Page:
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Customer Annual Report 2020-21


Covid-19 has changed our entire operating environment and is expected to have long lasting and extensive implications. We have adapted by providing more digital self-service and improved mobile IT resources. During the year there was an increase in those needing more intensive support e.g. with hoarding and high fire safety risk, mental health crises, addiction. Covid appears to have exacerbated the pressures on many people with existing support needs and it has been more challenging to provide support remotely. Such support needs are expected to continue to grow and are very labour-intensive.  Domestic Abuse helplines experienced an increase in demand during the year. We have continued to support survivors already known to us however the number of new cases has reduced compared to 2019/20. We are due for DAHA (Domestic Abuse Housing Alliance) re-accreditation and will need to review our practice. The removal of the Universal Credit (UC) uplift of £20 per week from October ’21 and the end of the furlough scheme will further increase financial pressure on households. The Money Matters team and CLAS will remain important resources.

A new Social Housing White Paper is being introduced. The Regulator for Social Housing is setting out a proposed framework for tenant satisfaction measures. The 23 draft measures overlap with much of what we measure now but we will need to update some of our surveys.

STAR Survey Results 2020-21

The results for the whole survey improved since the previous year, and covered the entire first year of the pandemic; many of you seemed to value the support we could provide during this challenging time. We can always learn from the reasons you give for any dissatisfaction, and this provided valuable insight. For example, you confirmed we needed to improve the gardening services, improve our complaints handling and develop more ways of communicating with you e.g. by email.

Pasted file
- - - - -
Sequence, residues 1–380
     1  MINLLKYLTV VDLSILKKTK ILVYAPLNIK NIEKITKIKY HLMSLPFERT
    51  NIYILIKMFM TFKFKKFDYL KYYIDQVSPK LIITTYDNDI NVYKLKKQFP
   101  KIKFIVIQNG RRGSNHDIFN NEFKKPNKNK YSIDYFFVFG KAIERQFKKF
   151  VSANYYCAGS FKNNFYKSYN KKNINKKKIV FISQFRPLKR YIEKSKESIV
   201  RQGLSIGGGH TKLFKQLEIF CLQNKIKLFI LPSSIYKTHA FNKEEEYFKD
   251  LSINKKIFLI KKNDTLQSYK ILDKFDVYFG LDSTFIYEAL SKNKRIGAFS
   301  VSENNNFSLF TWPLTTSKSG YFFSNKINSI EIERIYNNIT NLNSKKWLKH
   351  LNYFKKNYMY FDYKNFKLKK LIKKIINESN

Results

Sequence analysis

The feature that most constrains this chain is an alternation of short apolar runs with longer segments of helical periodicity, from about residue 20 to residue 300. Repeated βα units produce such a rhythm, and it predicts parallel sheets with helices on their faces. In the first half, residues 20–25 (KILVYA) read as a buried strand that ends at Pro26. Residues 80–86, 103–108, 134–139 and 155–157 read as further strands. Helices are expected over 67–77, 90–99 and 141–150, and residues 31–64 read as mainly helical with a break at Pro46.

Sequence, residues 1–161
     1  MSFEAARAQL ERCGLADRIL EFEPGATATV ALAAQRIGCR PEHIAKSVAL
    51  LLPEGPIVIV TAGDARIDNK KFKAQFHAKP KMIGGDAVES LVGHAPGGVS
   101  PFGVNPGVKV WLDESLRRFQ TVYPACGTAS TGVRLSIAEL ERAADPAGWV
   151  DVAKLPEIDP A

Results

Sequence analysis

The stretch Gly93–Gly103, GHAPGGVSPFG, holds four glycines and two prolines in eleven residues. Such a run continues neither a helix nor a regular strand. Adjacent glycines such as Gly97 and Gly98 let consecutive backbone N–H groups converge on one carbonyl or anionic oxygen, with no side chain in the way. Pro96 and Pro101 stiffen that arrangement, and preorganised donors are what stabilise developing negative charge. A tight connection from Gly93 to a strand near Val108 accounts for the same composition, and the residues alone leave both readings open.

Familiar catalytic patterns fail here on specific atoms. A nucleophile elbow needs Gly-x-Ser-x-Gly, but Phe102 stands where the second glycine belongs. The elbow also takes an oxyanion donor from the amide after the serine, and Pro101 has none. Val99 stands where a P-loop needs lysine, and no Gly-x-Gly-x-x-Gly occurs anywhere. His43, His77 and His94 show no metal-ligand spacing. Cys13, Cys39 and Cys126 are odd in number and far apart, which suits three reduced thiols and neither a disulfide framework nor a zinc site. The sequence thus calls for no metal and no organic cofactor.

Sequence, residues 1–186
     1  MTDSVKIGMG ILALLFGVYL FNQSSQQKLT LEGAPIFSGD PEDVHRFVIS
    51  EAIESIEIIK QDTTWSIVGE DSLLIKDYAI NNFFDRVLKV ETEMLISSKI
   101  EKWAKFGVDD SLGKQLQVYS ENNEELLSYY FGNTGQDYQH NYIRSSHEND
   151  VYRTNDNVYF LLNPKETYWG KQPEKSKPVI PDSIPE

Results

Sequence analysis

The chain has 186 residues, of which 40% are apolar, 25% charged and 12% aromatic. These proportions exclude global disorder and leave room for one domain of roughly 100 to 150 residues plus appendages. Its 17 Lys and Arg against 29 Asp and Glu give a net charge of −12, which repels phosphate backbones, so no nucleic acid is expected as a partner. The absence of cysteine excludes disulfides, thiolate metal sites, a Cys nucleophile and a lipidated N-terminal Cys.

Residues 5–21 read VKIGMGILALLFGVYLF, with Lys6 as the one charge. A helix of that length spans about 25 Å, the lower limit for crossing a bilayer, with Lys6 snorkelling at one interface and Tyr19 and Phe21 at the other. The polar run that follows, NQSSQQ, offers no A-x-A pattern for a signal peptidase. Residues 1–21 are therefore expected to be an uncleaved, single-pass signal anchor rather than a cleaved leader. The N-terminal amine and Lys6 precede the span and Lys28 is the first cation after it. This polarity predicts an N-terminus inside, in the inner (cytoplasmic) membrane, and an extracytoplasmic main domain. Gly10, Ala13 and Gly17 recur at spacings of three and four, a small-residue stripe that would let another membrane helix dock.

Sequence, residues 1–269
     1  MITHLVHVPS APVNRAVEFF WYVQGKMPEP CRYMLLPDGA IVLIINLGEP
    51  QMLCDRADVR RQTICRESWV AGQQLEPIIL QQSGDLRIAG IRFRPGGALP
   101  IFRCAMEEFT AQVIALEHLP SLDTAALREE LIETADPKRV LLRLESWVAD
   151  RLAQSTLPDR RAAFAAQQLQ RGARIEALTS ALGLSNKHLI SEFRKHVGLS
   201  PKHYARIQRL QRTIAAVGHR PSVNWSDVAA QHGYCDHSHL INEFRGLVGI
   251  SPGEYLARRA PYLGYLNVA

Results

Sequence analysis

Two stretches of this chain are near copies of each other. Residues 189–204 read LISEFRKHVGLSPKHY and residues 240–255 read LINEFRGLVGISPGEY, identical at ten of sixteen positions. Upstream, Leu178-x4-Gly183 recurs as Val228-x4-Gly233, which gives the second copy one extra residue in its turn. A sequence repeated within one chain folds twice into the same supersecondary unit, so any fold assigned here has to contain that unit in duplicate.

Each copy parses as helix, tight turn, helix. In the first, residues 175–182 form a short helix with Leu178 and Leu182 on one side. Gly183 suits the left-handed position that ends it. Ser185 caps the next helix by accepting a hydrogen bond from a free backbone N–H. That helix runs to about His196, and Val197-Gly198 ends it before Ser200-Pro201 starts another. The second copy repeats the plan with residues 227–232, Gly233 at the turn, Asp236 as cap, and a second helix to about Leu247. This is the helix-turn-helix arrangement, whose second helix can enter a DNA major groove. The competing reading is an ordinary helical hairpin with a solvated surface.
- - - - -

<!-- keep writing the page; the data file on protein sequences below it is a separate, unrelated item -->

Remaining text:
Customer Satisfaction Measures

  • Satisfaction of new tenants or shared owners with the lettings / moving in process   92.3%
  • Satisfaction with Anti-Social Behaviour case handling   84.2%
  • Satisfaction with last repair – 90% Foster, 91% Gasway
  • Estate Services satisfaction 53%
  • Formal Complaints – Total 18 (9 property, 8 Housing management, 1 Development). In 19/20 there were 21 formal complaints.Satisfaction graph for value of rentSatisfaction graphs for repairs


Star Survey Results 2020 – 21

Every tenant or resident except those in care homes is asked to complete the survey every two years. 352 replies were received.

Value for Money performance against targets

Target 2021 Actual 2021
Deliver sustainable growth in social and affordable housing
Development handovers – affordable general needs units 55 38
Development handovers – affordable shared ownership units 33 11
Provide excellent services
Tenants satisfied with CHS services % 82.0 75